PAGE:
Flash-enabled XHR - Ajax Patterns

Flash-enabled XHR

From Ajax Patterns

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Related Patterns
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= Related Patterns = = Related Patterns =
 +== Javascript [[Web_Remoting]] ==
 +[[Web_Remoting]] The ability for Javascript to make asynchronous calls from within the page of the browser back to a server, without requiring the page to navigate away. This is the heart of the very common buzz-word "Ajax".
== Client-side Proxies == == Client-side Proxies ==

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In A Blink

JavaScript assisted by invisible flash helper proxy to make cross-domain Ajax calls.


How can you make cross-domain Ajax calls exactly like you make regular same-domain Ajax calls?


  • The browser already has a native XMLHttpRequest (XHR) object for making Ajax calls, and the API for that is more than capable enough to handle making cross-domain calls.
  • However, the object itself is not capable of doing so. The reason is that the native XHR object is restricted by the same-domain origin policy that all browsers now enforce.
  • New versions of the major browsers (IE, FF) are introducing entirely different objects for cross-domain Ajax calls, but naturally these are different from the native XHR object already present and written against, and sadly they are different from each other, which means we still don't have a good cross-browser way to do cross-domain Ajax.


Javascript+Flash Ajax calls, via flXHR (and others)

This is an API object clone replacement approach, with the following benefits:

  • Existing page code for making same-domain Ajax calls does not need to be changed, because the API for native XHR is emulated, and so the flash-enabled solution becomes a viable drop-in replacement for native XHR.
  • Flash's model for authorizing cross-domain communication involves a server opt-in policy which is strictly checked and respected by the Flash plugin (which means it cannot be hacked or changed by run-time web page application code).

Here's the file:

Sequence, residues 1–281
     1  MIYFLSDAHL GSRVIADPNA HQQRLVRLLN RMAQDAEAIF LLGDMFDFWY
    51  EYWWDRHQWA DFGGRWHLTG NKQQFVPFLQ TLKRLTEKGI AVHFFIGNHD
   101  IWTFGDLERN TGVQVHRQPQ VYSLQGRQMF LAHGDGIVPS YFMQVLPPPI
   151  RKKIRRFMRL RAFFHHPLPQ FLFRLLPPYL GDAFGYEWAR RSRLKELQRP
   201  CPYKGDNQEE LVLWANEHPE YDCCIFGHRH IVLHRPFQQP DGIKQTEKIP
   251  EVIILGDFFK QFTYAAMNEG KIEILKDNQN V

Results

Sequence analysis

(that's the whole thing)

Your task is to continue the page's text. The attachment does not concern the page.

The spirit of this solution is to use a flash swf instance as a proxy for cross-domain Ajax calls, which is an effective client-side alternative to the Cross-Domain Proxy pattern.

The key to this approach is to instantiate an invisible (technically 1x1 pixel) flash swf instance, and then wrap it in some javascript which exposes the same API functions as the native XHR object. The Javascript wrapper passes calls and request data to the flash "proxy".

The browser plugin first checks the target server for permission via its crossdomain.xml server opt-in policy (if found). If and only if authorized, the flash proxy then sends the request on to the server. It waits to hear back, and when it does, it forwards the response to the wrapper Javascript, which then exposes the data to the calling page code's application logic, just as if it were happening from the native XHR object.


At this time, flXHR is the only completely API compatible solution in this pattern, though many other projects out there implement to lesser degrees the same spirit of this pattern.

Some other options include:

Related Patterns

Javascript Web_Remoting

Web_Remoting The ability for Javascript to make asynchronous calls from within the page of the browser back to a server, without requiring the page to navigate away. This is the heart of the very common buzz-word "Ajax".

Client-side Proxies

There are various other client-side proxy implementation patterns, such as:

Cross-Domain Proxy

The Cross-Domain Proxy pattern relies primarily on a server-side proxy, which is not subject to same-domain origin restrictions and thus can make cross-domain Ajax calls as needed. However, the Flash-enabled XHR pattern specifically moves the "proxy" into the client-side (the browser), so an intermediate server proxy is unnecessary. Client-side proxies are particularly useful in creating dynamic mashups.

On-Demand Javascript

On-Demand Javascript Dynamic script tags -- not really a proxy per se, but yet another way around the same-domain origin policy.

Visual Metaphor

If you are in a foreign land which you don't speak the language, and you need to conduct some business, you can bring along a friend who speaks the native language as well as your own. You speak and conduct business by first asking your friend to translate for you and pass along your message to the intended recipient, and then waiting for him to translate the response back to you.

Want to Know More?

flXHR for cross-domain Ajax